Secure Enough to Receive Feedback?  

The observer-part of me witnesses a behaviour by me, that does not serve me. On a ‘bad’ day, I can react to feedback, however well intentioned, very badly! 
Ever had that defensive, prickly, spikey feeling when a comment is made about something you have done? Well that’s the mix of fear and the accompanying adrenaline rush, that makes us want to fight something, perhaps because it might just be true?
Yep! I get it! Sometimes this is just gonna happen. We care for the project, we do kind of know we could have put a bit more into it, and, we are stretched in a million different directions….. 
Firstly, in the moment, we can choose one of two reactions; I sometimes (rather inelegantly!) instantly adopt the defensive stance. I will evidence everything and everyone else who’s ‘fault’ it was, in order to protect my heart and my ego. This rarely works out well!
Or I could choose to hear what is said, ask for time to consider it, process the emotions (in private as opposed to in the middle of the workplace!), and. return to the conversation with the bits that are true for me. I may need to make amends. I may need to learn something new from this. I am learning that fighting for my bruised territory will block any of the benefits of this process.
We cannot learn without feedback. We cannot make the most of feedback if we cannot allow ourselves to hear it. We cannot hear feedback if we are defended against it and are unable to see it is valuable . Whilst it may not all have value, if it has hit a raw-nerve, you can bet there will be something pertinent in there.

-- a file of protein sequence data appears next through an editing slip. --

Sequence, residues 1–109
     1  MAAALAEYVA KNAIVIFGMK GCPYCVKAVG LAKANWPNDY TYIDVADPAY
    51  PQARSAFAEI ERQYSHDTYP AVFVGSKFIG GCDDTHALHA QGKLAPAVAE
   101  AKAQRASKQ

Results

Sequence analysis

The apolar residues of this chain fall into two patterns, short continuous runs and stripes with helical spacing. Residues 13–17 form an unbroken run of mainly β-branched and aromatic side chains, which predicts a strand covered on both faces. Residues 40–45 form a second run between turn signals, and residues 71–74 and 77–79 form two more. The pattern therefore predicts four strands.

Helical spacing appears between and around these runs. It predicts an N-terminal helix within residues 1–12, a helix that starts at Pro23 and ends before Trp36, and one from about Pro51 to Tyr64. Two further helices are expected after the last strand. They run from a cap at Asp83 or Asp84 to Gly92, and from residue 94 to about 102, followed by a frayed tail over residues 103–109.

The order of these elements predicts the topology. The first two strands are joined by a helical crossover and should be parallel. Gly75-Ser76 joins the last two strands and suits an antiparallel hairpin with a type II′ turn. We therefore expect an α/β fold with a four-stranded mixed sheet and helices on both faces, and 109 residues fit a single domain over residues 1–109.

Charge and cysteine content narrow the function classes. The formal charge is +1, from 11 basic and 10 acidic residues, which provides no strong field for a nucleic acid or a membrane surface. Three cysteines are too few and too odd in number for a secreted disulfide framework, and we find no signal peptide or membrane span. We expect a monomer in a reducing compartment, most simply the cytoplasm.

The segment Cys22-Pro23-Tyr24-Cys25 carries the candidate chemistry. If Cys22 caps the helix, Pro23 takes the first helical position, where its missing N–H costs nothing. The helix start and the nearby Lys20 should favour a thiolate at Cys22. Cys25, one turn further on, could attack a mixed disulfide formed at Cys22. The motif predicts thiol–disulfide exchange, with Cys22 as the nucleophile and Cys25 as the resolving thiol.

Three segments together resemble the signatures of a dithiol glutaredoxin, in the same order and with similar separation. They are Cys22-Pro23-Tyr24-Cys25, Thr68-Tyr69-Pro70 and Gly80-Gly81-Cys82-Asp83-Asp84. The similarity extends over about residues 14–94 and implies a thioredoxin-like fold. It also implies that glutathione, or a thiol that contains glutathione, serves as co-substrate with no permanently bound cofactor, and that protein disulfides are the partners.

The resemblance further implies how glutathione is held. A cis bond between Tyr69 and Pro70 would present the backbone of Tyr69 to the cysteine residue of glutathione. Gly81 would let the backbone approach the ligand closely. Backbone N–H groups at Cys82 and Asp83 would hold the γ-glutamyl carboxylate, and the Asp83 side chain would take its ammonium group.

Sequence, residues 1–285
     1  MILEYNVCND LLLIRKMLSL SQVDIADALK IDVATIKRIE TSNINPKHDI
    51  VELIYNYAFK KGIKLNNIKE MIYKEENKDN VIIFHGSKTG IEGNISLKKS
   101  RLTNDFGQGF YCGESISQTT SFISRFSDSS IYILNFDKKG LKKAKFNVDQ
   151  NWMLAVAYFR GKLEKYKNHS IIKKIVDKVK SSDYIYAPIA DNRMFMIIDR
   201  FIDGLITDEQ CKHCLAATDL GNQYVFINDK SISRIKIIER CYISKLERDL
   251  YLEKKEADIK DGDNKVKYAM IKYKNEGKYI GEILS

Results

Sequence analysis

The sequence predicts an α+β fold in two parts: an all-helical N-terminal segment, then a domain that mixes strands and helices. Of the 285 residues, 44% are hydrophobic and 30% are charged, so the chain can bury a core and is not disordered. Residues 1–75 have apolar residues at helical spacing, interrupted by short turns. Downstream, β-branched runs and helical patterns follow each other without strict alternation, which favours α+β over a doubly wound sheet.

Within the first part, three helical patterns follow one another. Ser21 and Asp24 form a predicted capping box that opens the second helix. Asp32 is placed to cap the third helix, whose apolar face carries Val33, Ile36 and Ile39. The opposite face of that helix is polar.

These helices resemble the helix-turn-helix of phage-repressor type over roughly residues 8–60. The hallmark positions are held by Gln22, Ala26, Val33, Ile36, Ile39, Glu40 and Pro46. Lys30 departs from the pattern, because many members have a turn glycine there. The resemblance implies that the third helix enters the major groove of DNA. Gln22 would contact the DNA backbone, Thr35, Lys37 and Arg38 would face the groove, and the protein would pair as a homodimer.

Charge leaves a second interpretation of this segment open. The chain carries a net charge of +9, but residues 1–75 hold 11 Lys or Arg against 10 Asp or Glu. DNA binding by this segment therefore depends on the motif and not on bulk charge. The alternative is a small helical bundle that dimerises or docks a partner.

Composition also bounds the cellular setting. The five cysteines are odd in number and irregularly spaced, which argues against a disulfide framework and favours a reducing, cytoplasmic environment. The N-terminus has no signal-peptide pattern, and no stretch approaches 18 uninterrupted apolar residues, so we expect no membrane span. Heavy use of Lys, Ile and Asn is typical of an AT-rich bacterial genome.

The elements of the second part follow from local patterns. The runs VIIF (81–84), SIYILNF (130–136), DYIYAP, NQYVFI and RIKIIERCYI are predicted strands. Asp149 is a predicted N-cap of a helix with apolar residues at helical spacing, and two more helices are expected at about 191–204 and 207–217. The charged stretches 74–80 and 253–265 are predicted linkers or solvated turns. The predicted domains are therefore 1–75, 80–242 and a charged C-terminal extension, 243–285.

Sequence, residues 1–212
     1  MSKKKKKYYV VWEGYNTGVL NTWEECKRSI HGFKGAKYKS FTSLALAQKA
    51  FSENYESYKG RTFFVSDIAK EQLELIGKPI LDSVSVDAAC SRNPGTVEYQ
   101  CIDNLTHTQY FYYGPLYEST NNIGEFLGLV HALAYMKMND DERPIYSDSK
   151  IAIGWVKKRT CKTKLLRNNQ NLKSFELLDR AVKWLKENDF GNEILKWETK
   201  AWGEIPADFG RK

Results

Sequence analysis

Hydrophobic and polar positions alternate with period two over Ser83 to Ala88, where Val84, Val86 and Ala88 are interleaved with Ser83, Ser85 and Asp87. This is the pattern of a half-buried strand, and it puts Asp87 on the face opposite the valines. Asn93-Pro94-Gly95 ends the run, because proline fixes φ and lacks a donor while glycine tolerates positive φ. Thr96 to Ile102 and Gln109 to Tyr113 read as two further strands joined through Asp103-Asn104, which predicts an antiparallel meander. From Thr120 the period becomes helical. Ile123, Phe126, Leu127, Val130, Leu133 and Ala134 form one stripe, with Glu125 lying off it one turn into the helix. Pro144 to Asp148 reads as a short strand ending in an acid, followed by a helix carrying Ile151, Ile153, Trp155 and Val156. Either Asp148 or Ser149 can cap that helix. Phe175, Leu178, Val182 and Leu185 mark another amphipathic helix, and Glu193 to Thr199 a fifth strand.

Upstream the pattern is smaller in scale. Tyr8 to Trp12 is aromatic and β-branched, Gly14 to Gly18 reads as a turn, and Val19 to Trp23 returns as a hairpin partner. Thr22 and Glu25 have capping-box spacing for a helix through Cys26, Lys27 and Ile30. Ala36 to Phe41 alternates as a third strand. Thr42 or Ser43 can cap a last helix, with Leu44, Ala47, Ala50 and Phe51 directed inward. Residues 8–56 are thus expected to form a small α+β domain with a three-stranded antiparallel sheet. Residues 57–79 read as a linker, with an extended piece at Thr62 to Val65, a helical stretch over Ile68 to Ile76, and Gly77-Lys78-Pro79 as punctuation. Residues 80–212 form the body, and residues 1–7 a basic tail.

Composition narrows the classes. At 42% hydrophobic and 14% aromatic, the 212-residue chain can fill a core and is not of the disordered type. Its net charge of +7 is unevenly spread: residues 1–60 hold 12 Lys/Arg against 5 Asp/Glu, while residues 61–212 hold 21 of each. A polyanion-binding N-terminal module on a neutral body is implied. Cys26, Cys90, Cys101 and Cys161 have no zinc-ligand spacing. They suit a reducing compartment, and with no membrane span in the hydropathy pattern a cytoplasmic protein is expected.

There could also be wider questions raised by defensiveness. It might not be the criticism Itself that is the problem: Firstly, a prickly response may be a sign of another imbalance in your life. Are you working too hard? Getting enough sleep? Suffering other personal or professional stresses? A reactive response might serve to bring your attention to the notion of ‘enlightened self care’. This is the belief that if you do not attend to your own needs first, then you are rendered impotent in attending to the needs of others…. Just planting that seed.
The other cause of defensiveness in the face of what could seem like the most useful feedback, can be as a reaction to the context in which it is given. Sometimes if an organisational culture is of a fear based nature, then every employee will be feeling unsafe. It is this lack of security that can render feedback so painful. If we feel deeply insecure in our work environment, any ‘noticing’ by others can hurt. If we are hurting we can rarely find the nugget of truth within any of this.
So. In short, if you experience as series of defensive responses to feedback, there might be a wider context to consider. Attend to this inquiry and you will be free to engage with learning openly once again.
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